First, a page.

Background & aims: Impaired anabolic responses to nutrition and exercise contribute to loss of skeletal muscle mass with ageing (sarcopenia). Here, we tested responses of muscle protein synthesis (MPS), in the under represented group of older women, to leucine-enriched essential amino acids (EAA) in comparison to a large bolus of whey protein (WP).
Methods: Twenty-four older women (65 ± 1 y) received (N = 8/group) 1.5 g leucine-enriched EAA supplements (LEAA_1.5), 6 g LEAA (LEAA_6) in comparison to 40 g WP. A primed constant I.V infusion of 13C6-phenylalanine was used to determine MPS at baseline and in response to feeding (FED) and feeding-plus-exercise (FED-EX; 6 × 8 unilateral leg extensions; 75%1-RM). We quantified plasma insulin/AA concentrations, leg femoral blood flow (LBF)/muscle microvascular blood flow (MBF), and anabolic signalling via immunoblotting.
Results: Plasma insulineamia and EAAemia were greater and more prolonged with WP than LEAA, although LEAA_6 peaked at similar levels to WP. Neither LEAA or WP modified LBF or MBF. FED increased MPS similarly in the LEAA_1.5, LEAA_6 and WP (P < 0.05) groups over 0-2 h, with MPS significantly higher than basal in the LEAA_6 and WP groups only over 0-4 h. However, FED-EX increased MPS similarly across all the groups from 0 to 4 h (P < 0.05). Only p-p70S6K1 increased with WP at 2 h in FED (P < 0.05), and at 2/4 h in FED-EX (P < 0.05).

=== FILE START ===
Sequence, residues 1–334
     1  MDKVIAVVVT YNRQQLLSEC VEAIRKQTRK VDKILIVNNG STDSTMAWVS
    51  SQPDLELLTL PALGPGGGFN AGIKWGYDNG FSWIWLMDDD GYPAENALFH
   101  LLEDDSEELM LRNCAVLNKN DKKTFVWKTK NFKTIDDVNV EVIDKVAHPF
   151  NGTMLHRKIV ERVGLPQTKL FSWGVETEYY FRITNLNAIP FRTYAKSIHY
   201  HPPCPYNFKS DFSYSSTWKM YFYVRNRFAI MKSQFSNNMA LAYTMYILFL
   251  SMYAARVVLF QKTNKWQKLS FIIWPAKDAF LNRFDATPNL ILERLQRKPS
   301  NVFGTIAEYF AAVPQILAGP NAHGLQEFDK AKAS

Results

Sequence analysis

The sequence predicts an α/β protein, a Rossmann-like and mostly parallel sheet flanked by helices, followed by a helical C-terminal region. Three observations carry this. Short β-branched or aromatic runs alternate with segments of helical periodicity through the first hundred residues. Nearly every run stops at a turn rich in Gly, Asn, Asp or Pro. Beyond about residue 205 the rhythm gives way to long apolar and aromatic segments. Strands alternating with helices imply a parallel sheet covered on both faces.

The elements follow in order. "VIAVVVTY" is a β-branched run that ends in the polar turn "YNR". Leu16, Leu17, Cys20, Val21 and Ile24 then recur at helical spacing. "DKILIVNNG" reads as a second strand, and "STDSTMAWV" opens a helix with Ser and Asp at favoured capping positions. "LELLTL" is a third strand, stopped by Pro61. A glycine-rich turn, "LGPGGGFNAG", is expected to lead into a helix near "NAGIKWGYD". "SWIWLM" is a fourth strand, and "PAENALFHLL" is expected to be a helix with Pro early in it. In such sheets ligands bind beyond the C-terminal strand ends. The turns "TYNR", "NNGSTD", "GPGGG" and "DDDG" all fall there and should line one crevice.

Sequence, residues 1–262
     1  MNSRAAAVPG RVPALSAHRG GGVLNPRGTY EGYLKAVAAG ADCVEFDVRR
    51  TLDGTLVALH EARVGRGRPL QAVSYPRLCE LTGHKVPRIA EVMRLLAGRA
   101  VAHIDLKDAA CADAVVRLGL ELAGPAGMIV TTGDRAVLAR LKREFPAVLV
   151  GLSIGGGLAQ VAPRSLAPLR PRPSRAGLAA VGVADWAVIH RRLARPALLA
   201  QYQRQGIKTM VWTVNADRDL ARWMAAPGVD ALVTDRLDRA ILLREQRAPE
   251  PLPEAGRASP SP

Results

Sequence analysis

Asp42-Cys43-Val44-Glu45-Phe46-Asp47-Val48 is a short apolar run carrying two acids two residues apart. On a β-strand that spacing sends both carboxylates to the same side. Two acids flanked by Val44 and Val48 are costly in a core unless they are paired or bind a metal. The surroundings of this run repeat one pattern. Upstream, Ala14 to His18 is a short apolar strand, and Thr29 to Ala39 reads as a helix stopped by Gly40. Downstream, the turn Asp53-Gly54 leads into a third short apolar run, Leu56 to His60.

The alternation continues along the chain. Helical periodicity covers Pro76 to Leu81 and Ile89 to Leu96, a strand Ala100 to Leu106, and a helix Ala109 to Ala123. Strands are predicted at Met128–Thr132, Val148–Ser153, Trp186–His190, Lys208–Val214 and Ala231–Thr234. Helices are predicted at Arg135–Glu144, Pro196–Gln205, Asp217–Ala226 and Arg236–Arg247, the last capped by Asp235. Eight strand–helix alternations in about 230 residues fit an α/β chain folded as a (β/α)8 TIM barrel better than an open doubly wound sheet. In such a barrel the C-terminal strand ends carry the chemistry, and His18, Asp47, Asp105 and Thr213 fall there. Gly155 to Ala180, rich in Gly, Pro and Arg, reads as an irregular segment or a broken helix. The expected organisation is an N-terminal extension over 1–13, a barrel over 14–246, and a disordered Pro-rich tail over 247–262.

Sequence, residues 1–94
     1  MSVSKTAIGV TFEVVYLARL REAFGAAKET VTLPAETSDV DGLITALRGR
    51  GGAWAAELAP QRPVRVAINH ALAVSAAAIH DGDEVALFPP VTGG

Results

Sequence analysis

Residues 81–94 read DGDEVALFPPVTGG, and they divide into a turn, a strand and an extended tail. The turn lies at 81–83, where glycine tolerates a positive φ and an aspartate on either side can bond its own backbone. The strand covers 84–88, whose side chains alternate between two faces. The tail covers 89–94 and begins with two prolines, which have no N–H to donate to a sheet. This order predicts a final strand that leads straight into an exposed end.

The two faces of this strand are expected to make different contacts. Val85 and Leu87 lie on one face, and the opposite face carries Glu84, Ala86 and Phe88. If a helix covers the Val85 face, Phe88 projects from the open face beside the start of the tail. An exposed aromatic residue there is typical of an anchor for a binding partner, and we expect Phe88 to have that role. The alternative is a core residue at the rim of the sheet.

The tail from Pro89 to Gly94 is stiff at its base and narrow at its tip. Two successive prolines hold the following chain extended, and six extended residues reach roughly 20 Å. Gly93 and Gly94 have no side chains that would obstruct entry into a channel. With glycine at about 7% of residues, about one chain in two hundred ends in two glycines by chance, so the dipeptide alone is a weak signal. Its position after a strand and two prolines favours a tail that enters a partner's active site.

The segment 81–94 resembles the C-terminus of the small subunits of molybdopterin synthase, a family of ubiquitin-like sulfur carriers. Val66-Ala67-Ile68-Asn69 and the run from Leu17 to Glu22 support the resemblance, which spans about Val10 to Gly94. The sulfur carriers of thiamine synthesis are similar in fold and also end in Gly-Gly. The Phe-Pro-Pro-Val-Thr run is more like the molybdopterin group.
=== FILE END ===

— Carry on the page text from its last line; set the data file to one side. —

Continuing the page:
Conclusions: In conclusion, LEAA_1.5, despite only providing 0.6 g of leucine, robustly (perhaps maximally) stimulated MPS, with negligible trophic advantage of greater doses of LEAA or even to 40 g WP. Highlighting that composition of EAA, in particular the presence of leucine rather than amount is most crucial for anabolism.
Keywords: Ageing; Exercise; Human metabolism; Leucine; Low dose amino acid supplementation; Muscle protein synthesis.
Copyright © 2017 The Authors. Published by Elsevier Ltd.. All rights reserved.